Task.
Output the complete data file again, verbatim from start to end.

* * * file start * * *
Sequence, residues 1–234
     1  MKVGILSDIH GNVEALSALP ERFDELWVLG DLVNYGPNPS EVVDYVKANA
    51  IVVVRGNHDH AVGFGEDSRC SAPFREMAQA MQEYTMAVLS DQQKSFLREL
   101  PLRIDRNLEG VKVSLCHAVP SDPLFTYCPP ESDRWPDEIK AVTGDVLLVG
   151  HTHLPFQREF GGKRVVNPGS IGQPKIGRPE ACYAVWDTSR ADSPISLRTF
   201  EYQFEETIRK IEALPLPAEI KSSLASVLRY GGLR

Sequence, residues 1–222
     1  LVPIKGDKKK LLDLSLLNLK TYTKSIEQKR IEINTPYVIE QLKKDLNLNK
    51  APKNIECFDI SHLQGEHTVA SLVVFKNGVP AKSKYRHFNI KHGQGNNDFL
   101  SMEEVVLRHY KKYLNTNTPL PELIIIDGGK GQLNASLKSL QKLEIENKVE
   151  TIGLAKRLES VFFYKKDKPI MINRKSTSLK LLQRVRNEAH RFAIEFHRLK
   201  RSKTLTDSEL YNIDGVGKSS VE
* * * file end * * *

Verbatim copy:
Sequence, residues 1–234
     1  MKVGILSDIH GNVEALSALP ERFDELWVLG DLVNYGPNPS EVVDYVKANA
    51  IVVVRGNHDH AVGFGEDSRC SAPFREMAQA MQEYTMAVLS DQQKSFLREL
   101  PLRIDRNLEG VKVSLCHAVP SDPLFTYCPP ESDRWPDEIK AVTGDVLLVG
   151  HTHLPFQREF GGKRVVNPGS IGQPKIGRPE ACYAVWDTSR ADSPISLRTF
   201  EYQFEETIRK IEALPLPAEI KSSLASVLRY GGLR

Sequence, residues 1–222
     1  LVPIKGDKKK LLDLSLLNLK TYTKSIEQKR IEINTPYVIE QLKKDLNLNK
    51  APKNIECFDI SHLQGEHTVA SLVVFKNGVP AKSKYRHFNI KHGQGNNDFL
   101  SMEEVVLRHY KKYLNTNTPL PELIIIDGGK GQLNASLKSL QKLEIENKVE
   151  TIGLAKRLES VFFYKKDKPI MINRKSTSLK LLQRVRNEAH RFAIEFHRLK
   201  RSKTLTDSEL YNIDGVGKSS VE